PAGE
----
Rectification of the current in α-hemolysin pore depends on the cation type: The alkali series probed by molecular dynamics simulations and experiments

Swati Bhattacharya, Julien Muzard, Linda Payet, Jerome Mathé, Ulrich Bockelmann, Aleksei Aksimentiev, Virgile Viasnoff

Research output: Contribution to journalArticle

Abstract

A striking feature of the α-hemolysin channel-a prime candidate for biotechnological applications-is the dependence of its ionic conductance on the magnitude and direction of the applied bias. Through a combination of lipid bilayer single-channel recording and molecular dynamics (MD) simulations, we characterized the current-voltage relationship of α-hemolysin for all alkali chloride salts at neutral pH. The rectification of the ionic current was found to depend on the type of cations and increase from Li+ to Cs+. Analysis of the MD trajectories yielded a simple quantitative model that related the ionic current to the electrostatic potential, the concentration and effective mobility of ions in the channel. MD simulations reveal that the major contribution to the current asymmetry and rectification properties originates from the cationic contribution to the current that is significantly reduced in a cationic-dependent way when the membrane polarity is reversed. The variation of chloride current was found to be less important. We report that the differential affinity of cations for the charged residues positioned at the channel's end modulates the number of ions inside the channel stem, thus affecting the current properties. Through direct comparison of simulation and experiment, this study evaluates the accuracy of the MD method for prediction of the asymmetric, voltage-dependent conductances of a membrane channel.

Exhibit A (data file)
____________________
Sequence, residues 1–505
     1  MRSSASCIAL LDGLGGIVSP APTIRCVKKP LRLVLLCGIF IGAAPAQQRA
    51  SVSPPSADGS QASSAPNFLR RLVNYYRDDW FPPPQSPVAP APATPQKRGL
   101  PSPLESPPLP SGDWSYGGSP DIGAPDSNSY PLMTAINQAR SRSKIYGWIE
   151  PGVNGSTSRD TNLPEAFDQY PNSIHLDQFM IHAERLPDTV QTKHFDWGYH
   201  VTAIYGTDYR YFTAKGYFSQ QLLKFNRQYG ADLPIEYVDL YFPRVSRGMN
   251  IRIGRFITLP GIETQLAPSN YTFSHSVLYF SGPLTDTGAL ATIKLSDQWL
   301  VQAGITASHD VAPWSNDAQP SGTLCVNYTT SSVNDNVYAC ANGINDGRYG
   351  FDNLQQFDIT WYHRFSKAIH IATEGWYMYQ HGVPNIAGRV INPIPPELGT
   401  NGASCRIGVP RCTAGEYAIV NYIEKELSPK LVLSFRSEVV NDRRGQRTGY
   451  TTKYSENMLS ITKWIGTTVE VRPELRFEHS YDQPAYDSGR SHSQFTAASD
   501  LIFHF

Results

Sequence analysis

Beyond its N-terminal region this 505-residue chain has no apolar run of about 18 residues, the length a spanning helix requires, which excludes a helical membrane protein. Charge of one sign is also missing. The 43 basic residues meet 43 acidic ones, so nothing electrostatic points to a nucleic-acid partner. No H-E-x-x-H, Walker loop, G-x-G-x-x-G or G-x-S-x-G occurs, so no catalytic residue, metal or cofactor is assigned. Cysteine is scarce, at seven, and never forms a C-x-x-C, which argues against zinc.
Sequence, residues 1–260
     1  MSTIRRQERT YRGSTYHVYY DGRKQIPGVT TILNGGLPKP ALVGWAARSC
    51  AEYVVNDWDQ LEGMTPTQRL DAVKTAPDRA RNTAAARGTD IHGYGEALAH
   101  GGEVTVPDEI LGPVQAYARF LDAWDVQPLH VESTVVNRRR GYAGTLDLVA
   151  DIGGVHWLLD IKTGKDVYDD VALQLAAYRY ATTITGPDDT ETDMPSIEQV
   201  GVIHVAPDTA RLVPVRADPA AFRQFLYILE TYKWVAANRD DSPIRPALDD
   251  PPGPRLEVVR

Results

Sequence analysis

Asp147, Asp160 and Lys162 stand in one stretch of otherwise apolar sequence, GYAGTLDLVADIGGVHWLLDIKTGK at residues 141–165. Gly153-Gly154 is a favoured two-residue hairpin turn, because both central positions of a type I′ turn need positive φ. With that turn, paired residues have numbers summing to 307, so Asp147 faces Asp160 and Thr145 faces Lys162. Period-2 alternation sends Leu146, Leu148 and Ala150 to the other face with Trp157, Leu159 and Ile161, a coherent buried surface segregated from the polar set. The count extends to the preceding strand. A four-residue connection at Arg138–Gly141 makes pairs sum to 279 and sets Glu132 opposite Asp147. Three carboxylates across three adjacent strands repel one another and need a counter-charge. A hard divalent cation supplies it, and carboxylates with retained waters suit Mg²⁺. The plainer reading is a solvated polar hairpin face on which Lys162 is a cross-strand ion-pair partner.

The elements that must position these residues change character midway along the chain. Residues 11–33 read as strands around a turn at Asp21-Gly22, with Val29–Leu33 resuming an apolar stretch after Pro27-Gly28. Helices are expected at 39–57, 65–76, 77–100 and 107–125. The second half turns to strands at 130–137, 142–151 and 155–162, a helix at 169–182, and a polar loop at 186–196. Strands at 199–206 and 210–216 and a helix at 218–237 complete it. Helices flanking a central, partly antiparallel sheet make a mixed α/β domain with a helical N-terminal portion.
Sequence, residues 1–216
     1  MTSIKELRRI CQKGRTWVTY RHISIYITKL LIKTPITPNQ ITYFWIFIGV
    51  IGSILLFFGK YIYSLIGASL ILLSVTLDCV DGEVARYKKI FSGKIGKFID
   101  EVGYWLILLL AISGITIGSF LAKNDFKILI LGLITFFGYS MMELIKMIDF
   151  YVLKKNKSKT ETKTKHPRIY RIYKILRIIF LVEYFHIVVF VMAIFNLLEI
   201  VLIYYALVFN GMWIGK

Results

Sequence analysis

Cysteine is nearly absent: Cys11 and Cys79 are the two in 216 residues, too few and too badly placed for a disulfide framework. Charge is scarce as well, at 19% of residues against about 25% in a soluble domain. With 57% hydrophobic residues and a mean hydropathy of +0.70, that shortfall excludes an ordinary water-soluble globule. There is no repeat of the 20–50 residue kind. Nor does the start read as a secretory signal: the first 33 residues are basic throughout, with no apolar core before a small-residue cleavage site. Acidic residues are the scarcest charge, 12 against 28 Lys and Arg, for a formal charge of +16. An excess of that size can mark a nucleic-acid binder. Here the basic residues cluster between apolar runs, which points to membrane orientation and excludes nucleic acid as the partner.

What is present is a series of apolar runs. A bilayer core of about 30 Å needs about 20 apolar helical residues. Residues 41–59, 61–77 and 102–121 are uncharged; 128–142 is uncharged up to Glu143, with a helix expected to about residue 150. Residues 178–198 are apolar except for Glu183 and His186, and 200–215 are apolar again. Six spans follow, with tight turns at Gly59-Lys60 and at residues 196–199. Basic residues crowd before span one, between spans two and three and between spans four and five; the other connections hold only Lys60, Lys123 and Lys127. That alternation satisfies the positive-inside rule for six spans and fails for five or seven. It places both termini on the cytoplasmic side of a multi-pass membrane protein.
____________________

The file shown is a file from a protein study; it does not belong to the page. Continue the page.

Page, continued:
Original languageEnglish (US)
Pages (from-to)4255-4264
Number of pages10
JournalJournal of Physical Chemistry C
Volume115
Issue number10
DOIs
StatePublished - Mar 17 2011

ASJC Scopus subject areas

  • Electronic, Optical and Magnetic Materials
  • Energy(all)
  • Physical and Theoretical Chemistry
  • Surfaces, Coatings and Films

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